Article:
To invest is to allocate money (or sometimes another resource, such as time) in the expectation of some benefit in the future.
In finance, the expected future benefit from investment is called a return (to investment). The return may consist of capital gain and / or investment income, including dividends, interest, rental income etc. The economic return to an investment is the appropriately discounted value of the future returns to the investment.
Investment generally results in acquiring an asset, also called an investment. If the asset is available at a price worth investing, it is normally expected either to generate income, or to appreciate in value, so that it can be sold at a higher price (or both).
Following points should keep in mind before investing money in the market: –
• Ensure investing is right for you- Investing in the stock market involves risk, and this includes the risk of permanently losing money. Before investing, always ensure you have your basic financial needs taken care of in the event of a job loss or catastrophic event.
• Make sure you have 3 to 6 months of your income readily available in a savings account. This ensures that if you quickly need money, you will not need to rely on selling your stocks. Even relatively "safe" stocks can fluctuate dramatically over time, and there is always a probability your stock could be below what you bought it for when you need cash.
• Choose the appropriate type of account. Depending on your investment needs, there are several different types of accounts you may want to consider opening. Each of these accounts represents a vehicle in which to hold your investments.
• Implement dollar cost averaging. While this may sound complex, dollar cost averaging simply refers to the fact that – by investing the same amount each month – your average purchase price will reflect the average share price over time. Dollar cost averaging reduces risk due to the fact that by investing small sums on regular intervals, you reduce your odds of accidentally investing before a large downturn.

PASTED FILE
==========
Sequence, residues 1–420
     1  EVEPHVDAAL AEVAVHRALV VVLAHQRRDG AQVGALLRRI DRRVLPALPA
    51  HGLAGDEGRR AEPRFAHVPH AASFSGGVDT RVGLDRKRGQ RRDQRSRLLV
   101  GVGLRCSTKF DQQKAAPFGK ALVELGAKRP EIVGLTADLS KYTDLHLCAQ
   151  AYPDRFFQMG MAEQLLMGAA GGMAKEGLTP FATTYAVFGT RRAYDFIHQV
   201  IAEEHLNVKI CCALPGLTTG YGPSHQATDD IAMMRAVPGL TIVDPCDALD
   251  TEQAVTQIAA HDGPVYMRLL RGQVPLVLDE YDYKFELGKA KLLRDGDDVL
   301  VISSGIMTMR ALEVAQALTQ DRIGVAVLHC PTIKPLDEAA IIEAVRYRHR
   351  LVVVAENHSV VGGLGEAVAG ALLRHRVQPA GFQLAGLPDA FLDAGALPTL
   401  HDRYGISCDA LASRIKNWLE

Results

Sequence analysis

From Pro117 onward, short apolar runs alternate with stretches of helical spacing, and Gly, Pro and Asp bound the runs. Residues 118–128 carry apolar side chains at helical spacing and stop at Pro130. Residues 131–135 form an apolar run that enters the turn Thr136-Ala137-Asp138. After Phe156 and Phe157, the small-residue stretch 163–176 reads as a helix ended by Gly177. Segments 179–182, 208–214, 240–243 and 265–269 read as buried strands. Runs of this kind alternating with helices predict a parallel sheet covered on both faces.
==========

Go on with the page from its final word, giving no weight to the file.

• Explore compounding. Compounding is an essential concept in investing, and refers to a stock (or any asset) generating earnings based on its reinvested earnings.
• Avoid concentration in a few stocks. The concept of not having all your eggs in one basket is key in investing. To start, your focus should be on getting broad diversification, or having your money spread out over many different stocks.
• Explore investment options. There are many different types of investment options. However, since this article focuses on the stock market, there are three primary ways to gain stock market exposure.
• Find a broker or mutual fund company that meets your needs. Utilize a brokerage or mutual fund firm that will make investments on your behalf. You will want to focus on both cost and value of the services the broker will provide you.
• Open an account. You fill out a form containing personal information that will be used in placing your orders and paying your taxes. In addition, you will transfer the money into the account you will use to make your first investments.
• Be patient. The number-one obstacle that prevents investors from seeing the huge effects of compounding mentioned earlier is lack of patience. Indeed, it is difficult to watch a small balance grow slowly and, in some instances, lose money in the short term.
• Keep up the pace. Concentrate on the pace of your contributions. Stick to the amount and frequency you decided upon earlier, and let your investment build up slowly.
• Stay informed and look ahead. In this day and age, with technology that can provide you with the information you seek in an instant, it is tough to look several years to the future while monitoring your investment balances.
• Stay the course. The second biggest obstacle to achieving compounding is the temptation to change your strategy by chasing fast returns from investments with recent big gains or selling investments with recent losses. That's actually the opposite of what most really successful investors do.